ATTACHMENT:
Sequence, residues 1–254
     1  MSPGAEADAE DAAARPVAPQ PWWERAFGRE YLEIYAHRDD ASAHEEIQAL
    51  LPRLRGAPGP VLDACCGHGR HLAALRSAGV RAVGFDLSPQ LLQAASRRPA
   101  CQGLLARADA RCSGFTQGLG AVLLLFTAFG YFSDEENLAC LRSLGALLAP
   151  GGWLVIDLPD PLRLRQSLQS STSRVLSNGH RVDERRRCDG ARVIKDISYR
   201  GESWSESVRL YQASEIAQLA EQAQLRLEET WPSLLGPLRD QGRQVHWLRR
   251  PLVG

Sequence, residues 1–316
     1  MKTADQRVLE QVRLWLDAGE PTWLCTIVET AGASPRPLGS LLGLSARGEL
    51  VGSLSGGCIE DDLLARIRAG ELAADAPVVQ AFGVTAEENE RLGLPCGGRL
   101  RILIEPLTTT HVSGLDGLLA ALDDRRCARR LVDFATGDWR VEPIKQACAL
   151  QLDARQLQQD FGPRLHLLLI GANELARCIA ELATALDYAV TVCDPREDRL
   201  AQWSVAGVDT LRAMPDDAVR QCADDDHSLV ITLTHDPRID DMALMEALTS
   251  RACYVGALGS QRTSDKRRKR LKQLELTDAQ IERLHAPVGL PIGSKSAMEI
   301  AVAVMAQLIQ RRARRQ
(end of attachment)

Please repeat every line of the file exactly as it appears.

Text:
Sequence, residues 1–254
     1  MSPGAEADAE DAAARPVAPQ PWWERAFGRE YLEIYAHRDD ASAHEEIQAL
    51  LPRLRGAPGP VLDACCGHGR HLAALRSAGV RAVGFDLSPQ LLQAASRRPA
   101  CQGLLARADA RCSGFTQGLG AVLLLFTAFG YFSDEENLAC LRSLGALLAP
   151  GGWLVIDLPD PLRLRQSLQS STSRVLSNGH RVDERRRCDG ARVIKDISYR
   201  GESWSESVRL YQASEIAQLA EQAQLRLEET WPSLLGPLRD QGRQVHWLRR
   251  PLVG

Sequence, residues 1–316
     1  MKTADQRVLE QVRLWLDAGE PTWLCTIVET AGASPRPLGS LLGLSARGEL
    51  VGSLSGGCIE DDLLARIRAG ELAADAPVVQ AFGVTAEENE RLGLPCGGRL
   101  RILIEPLTTT HVSGLDGLLA ALDDRRCARR LVDFATGDWR VEPIKQACAL
   151  QLDARQLQQD FGPRLHLLLI GANELARCIA ELATALDYAV TVCDPREDRL
   201  AQWSVAGVDT LRAMPDDAVR QCADDDHSLV ITLTHDPRID DMALMEALTS
   251  RACYVGALGS QRTSDKRRKR LKQLELTDAQ IERLHAPVGL PIGSKSAMEI
   301  AVAVMAQLIQ RRARRQ